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Getting started in the pet business

The dog breeding industry is less about competition and more about community.
By Khris Marc Ronquillo |
<>Despite Cid’s natural love for big dogs like labradors and the actual demand for bigger breeds, she had no choice but to stick to small breeds due to the constraints of having her business in a residential area. “The neighbors had to give their consent before the DTI (Department of Trade and Industry) could approve my business. The neighbors said no big dogs.”

 

What may seem unusual is that Cid runs her business from home in a subdivision in Marikina City with only a small poster at the village gate for advertising, but she makes very good business. Her Web savvy has become her secret to good sales. “I posted on every possible Internet site I could think of. The free advertising I get by going online is proving to be enough,” she says. And by enough, she means getting buyers from as far north as Baguio or as far south as Davao.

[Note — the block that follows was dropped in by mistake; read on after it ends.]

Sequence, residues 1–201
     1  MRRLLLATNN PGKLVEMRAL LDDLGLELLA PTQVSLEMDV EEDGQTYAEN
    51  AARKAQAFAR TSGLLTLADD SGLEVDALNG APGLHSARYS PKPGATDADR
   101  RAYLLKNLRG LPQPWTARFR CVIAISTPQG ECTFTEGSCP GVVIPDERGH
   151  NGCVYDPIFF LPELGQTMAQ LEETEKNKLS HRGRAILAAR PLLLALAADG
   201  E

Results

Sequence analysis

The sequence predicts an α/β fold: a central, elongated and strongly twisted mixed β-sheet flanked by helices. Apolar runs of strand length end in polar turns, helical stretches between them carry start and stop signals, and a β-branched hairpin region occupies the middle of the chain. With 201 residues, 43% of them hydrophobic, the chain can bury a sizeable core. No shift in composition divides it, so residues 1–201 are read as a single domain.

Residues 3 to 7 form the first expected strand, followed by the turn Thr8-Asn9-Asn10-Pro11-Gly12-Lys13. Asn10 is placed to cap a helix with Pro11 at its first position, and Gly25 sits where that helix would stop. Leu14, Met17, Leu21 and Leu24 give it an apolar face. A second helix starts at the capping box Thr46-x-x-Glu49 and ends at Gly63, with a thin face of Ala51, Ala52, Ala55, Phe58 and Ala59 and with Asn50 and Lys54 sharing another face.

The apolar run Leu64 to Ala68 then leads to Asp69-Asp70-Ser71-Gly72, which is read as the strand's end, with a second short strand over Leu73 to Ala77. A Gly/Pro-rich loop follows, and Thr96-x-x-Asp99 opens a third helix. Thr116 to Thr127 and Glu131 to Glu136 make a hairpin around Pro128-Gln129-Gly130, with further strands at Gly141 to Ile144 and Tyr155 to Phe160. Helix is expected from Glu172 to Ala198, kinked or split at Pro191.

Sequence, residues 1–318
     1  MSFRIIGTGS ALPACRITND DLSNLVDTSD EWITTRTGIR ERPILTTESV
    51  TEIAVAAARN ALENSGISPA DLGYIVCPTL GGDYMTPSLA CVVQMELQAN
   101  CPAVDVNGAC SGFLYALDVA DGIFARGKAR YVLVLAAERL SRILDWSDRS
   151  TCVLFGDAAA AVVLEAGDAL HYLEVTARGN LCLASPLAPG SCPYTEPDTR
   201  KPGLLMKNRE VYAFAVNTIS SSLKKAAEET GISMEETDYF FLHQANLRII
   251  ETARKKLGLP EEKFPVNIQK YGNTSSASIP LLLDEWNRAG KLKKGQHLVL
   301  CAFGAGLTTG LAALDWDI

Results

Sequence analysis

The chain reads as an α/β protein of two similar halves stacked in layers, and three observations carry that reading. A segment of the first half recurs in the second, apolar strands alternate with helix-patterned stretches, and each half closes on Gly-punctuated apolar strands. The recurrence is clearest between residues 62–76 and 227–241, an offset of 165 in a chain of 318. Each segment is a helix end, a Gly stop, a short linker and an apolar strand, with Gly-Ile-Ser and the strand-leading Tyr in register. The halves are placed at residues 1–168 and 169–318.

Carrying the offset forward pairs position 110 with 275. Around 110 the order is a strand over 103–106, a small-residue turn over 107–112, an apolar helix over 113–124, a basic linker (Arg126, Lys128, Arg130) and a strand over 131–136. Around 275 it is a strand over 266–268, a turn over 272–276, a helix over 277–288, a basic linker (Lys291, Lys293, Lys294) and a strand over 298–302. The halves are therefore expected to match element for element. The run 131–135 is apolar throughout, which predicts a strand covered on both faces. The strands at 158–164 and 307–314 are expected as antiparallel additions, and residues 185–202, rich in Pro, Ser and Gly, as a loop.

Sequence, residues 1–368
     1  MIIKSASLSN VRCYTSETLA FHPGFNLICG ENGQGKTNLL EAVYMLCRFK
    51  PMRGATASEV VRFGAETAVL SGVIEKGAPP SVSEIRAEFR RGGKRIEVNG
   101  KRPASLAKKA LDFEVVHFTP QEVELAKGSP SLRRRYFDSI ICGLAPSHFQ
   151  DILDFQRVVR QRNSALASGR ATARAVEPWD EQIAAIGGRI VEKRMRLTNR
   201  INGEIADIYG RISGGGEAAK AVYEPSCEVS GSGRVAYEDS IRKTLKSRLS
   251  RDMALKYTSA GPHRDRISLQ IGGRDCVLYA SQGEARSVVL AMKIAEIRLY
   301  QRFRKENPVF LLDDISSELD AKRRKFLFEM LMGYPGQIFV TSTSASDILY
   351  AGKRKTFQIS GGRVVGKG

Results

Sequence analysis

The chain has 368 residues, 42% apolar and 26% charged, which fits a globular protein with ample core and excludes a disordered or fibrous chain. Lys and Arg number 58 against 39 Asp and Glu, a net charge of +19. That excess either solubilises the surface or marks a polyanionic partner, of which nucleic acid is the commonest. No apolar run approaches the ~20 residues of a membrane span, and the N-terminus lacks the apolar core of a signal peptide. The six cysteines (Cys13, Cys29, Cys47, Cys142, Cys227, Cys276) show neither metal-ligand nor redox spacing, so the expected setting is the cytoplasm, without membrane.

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Now there are dogs and there are “top dogs.” Becoming the latter requires more effort than a cute breed and a healthy litter. “Top Dog” breeders learn to mark their territory and establish the quality and pedigree of their puppies. In spite of the wonderful job she has done so far, Cid admits her dogs are, of the moment, “just pet quality.”

 

“I need to prioritize the pedigrees of my dogs, and improve my reputation,” she says. “But I think I can sell (puppies) at a better price when they achieve show quality.”

 

To get that show-dog stamp of approval, Cid says a breeder must be part of a dog show, and it starts by sponsoring an event organized by the Philippine Canine Club Inc. and then joining a competition. Once certified, dog-show-quality puppies not only command a higher price, but also inherit the reputation of their parents—known in the business as having “green lines” in their pedigree papers. Even among dogs, it pays to be royalty. But as a breeder, Johanna Cid is getting there.

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